Lexical Learning by Children With Specific Language Impairment: Effects of Linguistic Input Presented at Varying Speaking Rates The purpose of this study was to investigate the impact of speaking rate variations in the linguistic input provided to children during a novel word learning task. Thirty-two school-age children participated in this investigation, including 16 children with specific language impairment (SLI) and 16 normal language (NL) controls matched on ... Research Article
Research Article  |   February 01, 1996
Lexical Learning by Children With Specific Language Impairment: Effects of Linguistic Input Presented at Varying Speaking Rates
 
Author Affiliations & Notes
  • Susan Ellis Weismer
    Waisman Center on Mental Retardation and Human Development and Department of Communicative Disorders University of Wisconsin-Madison
  • Linda J. Hesketh
    Waisman Center on Mental Retardation and Human Development and Department of Communicative Disorders University of Wisconsin-Madison
  • Contact author: Susan Ellis Weismer, PhD, University of Wisconsin-Madison, Waisman Center Room 473, 1500 Highland Avenue, Madison, Wl 53705–2280. E-mail: SWEISMER@vms.macc.wisc.edu
Article Information
Development / Language Disorders / Specific Language Impairment / Attention, Memory & Executive Functions / Speech, Voice & Prosody / Language / Research Articles
Research Article   |   February 01, 1996
Lexical Learning by Children With Specific Language Impairment: Effects of Linguistic Input Presented at Varying Speaking Rates
Journal of Speech, Language, and Hearing Research, February 1996, Vol. 39, 177-190. doi:10.1044/jshr.3901.177
History: Received November 15, 1994 , Accepted May 15, 1995
 
Journal of Speech, Language, and Hearing Research, February 1996, Vol. 39, 177-190. doi:10.1044/jshr.3901.177
History: Received November 15, 1994; Accepted May 15, 1995

The purpose of this study was to investigate the impact of speaking rate variations in the linguistic input provided to children during a novel word learning task. Thirty-two school-age children participated in this investigation, including 16 children with specific language impairment (SLI) and 16 normal language (NL) controls matched on mental age (MA). The younger half of the NL group also served as a vocabulary level comparison for the older half of the children with SLI. No significant rate effects were found for comprehension of novel words, with all children performing at relatively high levels of accuracy. The group with SLI demonstrated the same recognition accuracy pattern as MA matched controls for target labels versus phonetically similar/dissimilar foils only for words trained at slow rate. Rate effects were most pronounced for items with the highest difficulty level, namely production of novel words. Children with SLI produced significantly fewer words that had been presented at fast rate during training than NL children matched on mental age or vocabulary level. Individual differences and production error patterns on fast rate items were examined. The finding that variations in speaking rate had a disproportionate impact upon word learning for children with SLI was interpreted within a framework of limited processing capacity.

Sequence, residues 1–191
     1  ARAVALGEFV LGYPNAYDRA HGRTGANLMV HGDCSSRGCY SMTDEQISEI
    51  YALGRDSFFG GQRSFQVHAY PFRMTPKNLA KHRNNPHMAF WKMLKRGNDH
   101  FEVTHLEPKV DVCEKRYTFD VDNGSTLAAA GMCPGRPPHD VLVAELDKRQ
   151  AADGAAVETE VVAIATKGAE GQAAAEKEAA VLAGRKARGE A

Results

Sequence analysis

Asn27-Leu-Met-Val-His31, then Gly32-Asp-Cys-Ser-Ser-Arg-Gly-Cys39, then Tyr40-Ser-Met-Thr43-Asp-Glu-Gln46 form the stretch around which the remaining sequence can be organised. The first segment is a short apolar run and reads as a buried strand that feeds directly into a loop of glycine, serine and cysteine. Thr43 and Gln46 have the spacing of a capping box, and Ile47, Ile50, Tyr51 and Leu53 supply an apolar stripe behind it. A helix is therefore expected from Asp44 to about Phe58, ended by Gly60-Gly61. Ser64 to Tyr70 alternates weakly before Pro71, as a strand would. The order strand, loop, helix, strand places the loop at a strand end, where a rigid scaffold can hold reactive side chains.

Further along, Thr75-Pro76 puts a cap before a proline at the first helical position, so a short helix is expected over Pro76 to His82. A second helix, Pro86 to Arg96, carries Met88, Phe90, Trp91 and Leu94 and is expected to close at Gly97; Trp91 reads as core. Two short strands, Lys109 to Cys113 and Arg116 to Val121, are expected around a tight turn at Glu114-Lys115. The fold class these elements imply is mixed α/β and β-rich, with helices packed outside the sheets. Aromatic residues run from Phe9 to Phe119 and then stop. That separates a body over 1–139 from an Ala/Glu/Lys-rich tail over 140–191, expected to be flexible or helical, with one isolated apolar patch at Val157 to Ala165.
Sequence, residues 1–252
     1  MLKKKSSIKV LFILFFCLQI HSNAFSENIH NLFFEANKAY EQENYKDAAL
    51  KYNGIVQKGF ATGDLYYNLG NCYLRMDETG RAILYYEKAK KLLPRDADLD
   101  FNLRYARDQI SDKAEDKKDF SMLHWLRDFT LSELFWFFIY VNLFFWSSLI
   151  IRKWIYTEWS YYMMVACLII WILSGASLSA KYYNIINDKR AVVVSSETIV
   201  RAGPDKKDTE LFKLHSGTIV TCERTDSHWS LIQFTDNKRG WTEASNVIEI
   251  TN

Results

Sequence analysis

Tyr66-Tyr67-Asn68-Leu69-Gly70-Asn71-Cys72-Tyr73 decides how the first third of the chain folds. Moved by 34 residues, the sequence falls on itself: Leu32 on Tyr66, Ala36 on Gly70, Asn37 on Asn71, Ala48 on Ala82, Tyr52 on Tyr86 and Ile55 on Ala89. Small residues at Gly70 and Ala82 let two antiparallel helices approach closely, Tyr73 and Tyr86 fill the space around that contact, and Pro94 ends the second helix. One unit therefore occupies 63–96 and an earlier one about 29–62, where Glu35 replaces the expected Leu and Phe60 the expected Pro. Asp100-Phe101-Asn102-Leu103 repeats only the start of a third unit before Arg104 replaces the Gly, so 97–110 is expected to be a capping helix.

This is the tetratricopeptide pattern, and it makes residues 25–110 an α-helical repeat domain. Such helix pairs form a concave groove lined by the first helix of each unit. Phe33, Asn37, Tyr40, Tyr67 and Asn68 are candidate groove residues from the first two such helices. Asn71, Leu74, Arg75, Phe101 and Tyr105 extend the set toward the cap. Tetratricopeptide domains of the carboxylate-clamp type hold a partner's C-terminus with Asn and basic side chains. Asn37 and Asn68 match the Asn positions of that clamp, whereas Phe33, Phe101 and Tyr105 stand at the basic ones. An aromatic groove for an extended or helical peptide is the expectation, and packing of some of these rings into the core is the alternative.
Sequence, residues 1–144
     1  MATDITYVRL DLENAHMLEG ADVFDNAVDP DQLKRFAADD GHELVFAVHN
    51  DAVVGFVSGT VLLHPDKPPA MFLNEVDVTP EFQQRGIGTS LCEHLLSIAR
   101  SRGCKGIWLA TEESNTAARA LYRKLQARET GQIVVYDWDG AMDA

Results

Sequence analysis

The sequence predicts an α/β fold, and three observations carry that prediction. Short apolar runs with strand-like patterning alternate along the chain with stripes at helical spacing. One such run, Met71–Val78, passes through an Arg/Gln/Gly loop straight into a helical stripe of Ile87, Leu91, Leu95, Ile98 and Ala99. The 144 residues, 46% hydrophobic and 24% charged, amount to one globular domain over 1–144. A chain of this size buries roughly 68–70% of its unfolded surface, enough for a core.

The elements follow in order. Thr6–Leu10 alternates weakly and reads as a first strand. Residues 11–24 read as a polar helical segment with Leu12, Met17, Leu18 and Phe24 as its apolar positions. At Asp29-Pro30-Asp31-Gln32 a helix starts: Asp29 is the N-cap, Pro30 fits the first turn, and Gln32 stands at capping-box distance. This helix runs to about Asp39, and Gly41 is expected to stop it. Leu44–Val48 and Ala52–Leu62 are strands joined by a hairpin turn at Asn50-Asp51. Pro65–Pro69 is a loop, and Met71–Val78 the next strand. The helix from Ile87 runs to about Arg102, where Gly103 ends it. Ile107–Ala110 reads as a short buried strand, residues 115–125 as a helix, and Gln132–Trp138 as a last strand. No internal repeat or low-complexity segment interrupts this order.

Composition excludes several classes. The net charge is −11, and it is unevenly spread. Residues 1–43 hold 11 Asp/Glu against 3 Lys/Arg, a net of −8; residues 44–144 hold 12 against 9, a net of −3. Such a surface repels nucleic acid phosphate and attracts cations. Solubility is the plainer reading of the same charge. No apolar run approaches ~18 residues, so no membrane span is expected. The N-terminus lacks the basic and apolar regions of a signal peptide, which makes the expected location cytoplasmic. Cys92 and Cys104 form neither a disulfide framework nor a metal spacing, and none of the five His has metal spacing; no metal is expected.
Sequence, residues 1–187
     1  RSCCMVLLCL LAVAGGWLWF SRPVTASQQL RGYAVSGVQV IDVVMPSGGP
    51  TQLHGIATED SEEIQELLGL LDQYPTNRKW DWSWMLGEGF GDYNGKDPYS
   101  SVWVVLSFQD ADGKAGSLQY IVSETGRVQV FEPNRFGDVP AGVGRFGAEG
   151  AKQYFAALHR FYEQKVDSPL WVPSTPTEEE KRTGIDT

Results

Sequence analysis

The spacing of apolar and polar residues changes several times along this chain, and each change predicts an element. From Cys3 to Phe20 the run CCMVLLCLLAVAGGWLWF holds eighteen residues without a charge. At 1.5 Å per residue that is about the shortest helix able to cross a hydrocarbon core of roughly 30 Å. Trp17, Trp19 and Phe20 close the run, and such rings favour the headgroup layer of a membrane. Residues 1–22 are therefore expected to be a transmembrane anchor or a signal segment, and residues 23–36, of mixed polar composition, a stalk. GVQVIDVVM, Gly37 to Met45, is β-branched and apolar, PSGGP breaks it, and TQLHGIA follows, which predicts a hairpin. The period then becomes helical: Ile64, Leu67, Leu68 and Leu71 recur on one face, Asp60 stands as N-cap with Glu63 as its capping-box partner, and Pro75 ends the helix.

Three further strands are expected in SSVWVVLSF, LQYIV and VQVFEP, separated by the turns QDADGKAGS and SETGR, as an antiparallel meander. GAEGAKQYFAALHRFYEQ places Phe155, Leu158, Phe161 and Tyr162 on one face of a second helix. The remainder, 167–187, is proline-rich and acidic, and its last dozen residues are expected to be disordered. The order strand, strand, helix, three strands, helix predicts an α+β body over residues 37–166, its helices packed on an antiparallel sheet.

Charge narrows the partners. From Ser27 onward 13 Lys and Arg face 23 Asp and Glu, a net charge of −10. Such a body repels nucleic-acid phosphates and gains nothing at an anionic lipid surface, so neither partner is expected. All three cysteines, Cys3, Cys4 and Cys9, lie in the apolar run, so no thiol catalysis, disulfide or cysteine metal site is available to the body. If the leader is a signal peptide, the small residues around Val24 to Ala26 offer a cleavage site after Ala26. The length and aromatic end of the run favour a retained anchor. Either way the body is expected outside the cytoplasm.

Acknowledgments
We would like to thank Chris Everman Hollar and Cheryl Neylon who have contributed to this project in various ways, including language sample and acoustic analyses, data entry, and reliability scoring. Others involved at different phases of the project include Pao-Hsiang Chi, Dawn Meyer, and Samantha Wolfson. Special thanks to the Madison, Middleton-Cross Plains, and Monona Grove School Districts for their cooperation and to the speech-language clinicians who helped recruit children, especially to Kathy Lyngaas. Thanks also to the children and parents who participated in this project. This project was funded by NIH NIDCD grant #1R29DC01101 awarded to the first author.
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